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Monthly Archives: June 2015

Eleventh graders can be more insightful than you might think. When I asked my second semester classes to list what makes a fulfilling life as a kickoff activity to our Transcendentalism unit, this is what they said:

I love ending the year in  Communications III with Transcendentalism for several reasons. For one, the bitter Wisconsin tundra starts to warm and bloom and the concept of nature being revelatory becomes a little easier of an idea to buy into. For another, it’s an ideal time in my students’ lives for them to try developing a little personal philosophy. They’re on the cusp of senior year, and about to start feeling the pressure to make huge decisions: Which career to head toward? Which relationships to prioritize? Which college to attend? Which beliefs to live by? Which kind of adult to be? For these students, huge questions suddenly need answers, as they always have. What a great time to kick it way back to the mid-1800’s.

Emerson, Thoreau, and the rest of their Transcendental Club sought to define their beliefs as different from the mainstream philosophies surrounding them. Their devotion to ideals of self-reliance, confidence, free thought, and non-conformity resonate with young people readily, even through the thick vocabulary of “Nature” and Walden. My students seek to define themselves as well, and for that reason my colleagues and I balance this unit with a mixture of historic Transcendental information/texts and more modern examples of personal philosophy, such as the YouTube video “How To Be Alone” and Charles Harper Webb’s poem “How To Live.”  Toward the end of the unit, we explore specifically the link between nature and the abstract ideals of these varied sources. Where does nature come in to our understanding of ourselves as people, according to Emerson? Thoreau? What about according to us?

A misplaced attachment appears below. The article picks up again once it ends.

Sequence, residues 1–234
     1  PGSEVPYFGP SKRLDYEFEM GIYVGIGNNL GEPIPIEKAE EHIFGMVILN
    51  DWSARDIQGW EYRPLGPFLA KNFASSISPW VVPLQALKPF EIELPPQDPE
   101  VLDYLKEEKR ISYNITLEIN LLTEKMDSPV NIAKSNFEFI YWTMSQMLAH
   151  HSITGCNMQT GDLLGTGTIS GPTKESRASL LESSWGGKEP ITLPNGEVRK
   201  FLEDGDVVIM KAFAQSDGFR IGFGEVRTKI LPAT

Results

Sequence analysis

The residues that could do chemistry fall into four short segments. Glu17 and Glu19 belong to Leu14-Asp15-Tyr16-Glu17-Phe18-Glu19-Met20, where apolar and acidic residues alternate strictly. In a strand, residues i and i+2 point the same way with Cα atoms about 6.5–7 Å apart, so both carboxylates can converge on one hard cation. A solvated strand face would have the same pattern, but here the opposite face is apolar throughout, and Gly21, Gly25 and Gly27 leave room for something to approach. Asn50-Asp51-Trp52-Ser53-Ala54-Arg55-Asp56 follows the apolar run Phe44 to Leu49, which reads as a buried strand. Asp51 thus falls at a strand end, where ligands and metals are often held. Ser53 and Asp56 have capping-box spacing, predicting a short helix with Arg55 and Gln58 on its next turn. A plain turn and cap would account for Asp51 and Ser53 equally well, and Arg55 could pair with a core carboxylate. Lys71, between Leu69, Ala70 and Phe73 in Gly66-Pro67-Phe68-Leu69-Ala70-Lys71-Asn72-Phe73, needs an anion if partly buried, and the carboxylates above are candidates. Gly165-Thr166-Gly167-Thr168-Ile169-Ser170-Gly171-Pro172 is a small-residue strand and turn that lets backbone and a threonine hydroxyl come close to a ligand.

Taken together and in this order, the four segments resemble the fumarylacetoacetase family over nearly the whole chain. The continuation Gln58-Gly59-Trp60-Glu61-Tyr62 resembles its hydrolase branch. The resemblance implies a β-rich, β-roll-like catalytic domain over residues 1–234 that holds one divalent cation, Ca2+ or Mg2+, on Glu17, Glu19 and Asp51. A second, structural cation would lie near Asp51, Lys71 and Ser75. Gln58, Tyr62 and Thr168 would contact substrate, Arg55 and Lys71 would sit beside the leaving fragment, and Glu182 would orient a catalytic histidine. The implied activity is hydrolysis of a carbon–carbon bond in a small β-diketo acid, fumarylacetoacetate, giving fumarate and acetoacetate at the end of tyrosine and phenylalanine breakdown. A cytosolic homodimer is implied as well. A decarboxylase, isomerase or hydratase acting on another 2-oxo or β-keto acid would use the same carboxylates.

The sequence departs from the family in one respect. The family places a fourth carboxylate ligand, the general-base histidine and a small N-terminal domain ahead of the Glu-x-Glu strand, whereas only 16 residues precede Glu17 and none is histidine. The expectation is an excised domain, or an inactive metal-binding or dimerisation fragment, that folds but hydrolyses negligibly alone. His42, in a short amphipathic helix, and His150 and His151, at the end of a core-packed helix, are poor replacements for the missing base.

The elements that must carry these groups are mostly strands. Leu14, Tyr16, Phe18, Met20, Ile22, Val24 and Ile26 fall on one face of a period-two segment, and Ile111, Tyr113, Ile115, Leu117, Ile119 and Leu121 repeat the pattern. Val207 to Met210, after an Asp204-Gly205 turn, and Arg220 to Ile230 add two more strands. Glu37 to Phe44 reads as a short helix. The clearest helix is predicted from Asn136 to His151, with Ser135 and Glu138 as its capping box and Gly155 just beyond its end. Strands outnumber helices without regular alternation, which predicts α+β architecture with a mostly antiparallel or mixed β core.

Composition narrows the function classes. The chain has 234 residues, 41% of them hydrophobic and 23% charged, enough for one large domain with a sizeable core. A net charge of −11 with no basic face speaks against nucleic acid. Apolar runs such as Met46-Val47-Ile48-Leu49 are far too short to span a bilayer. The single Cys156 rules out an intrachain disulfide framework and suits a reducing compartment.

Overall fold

As a culminating project for the unit this year, I was very interested in doing something that would allow students to identify how Transcendentalist ideas have functioned in their own lives through a narrative composition. As luck would have it, right around the time I was thinking about this assignment, I was introduced to the digital story-collecting site Cowbird. It turned out to be the perfect tool: students could use a mixture of image and audio to create a multimedia narrative.

We started by browsing the stories already on the site that were tagged under the topic “Nature.” Using our own reactions, we discussed the features of an engaging narrative, which gave me the chance to insert some additional instruction about narrative composition as well. We then took our stories through a writing workshop. I modeled the process for them, walking them through the website and audio recording app, sharing my own idea-generating web as I brainstormed, showing my drafts-in-progress as they changed each day, and finally posting my final product. I’m a big believer in demonstrating the writing process, as replete with frustration and reward as it can be.

What I loved about watching my students move through this process was how invested and honest they were as they worked. The new technology skills I asked of them were challenging enough to be interesting but not so difficult as to inhibit success. They worked hard on their written drafts and recordings, persevering through many takes in order to get it right. The final compositions were entertaining, moving, and some of the most real writing I saw from my students all year long. Experiencing the stories through an audio format really honored the life experiences and voices, quite literally, of each student author. I found myself smiling, chuckling,and holding my breath as I listened. These students processed the ideas of Transcendentalism to the point of owning them, and that was really cool to witness. Sometimes students don’t understand how powerful their own voices and stories can be. I hope that, after this project, that’s changing for some of them.

Want to try this project, or a version of it, in your own classroom? See my assignment sheet, rubric, and example story below: 

Sacred Spaces: A Transcendentalist Storytelling Experience

Simple Rubric – Cowbird Project

KidStatements

Ah, Macbeth. It’s one of the darkest, evilest, most disturbing stories in classical literature. Not even the beauty of Shakespeare’s language can brighten the “deep and black desires” of the Scottish Play. It’s also a standard inclusion in our current Communications III curriculum. And it represents a bit of a Waterloo for me–it’s a Shakespearean text that I really struggle with teaching.

Normally, my approach to Shakespeare is as gung-ho as it gets. I love the language. I love the stories. I love everything about the experience of reading Shakespeare. This passion usually translates into teaching success. But last year, as I began Macbeth with my junior students, I found myself fighting to keep my students engaged in the text. By the end, only a few stragglers came away with something intelligent to say about the play, and many even lacked a basic comprehension of the story, despite the fact that we read almost all of it together in class. So what the heck went wrong?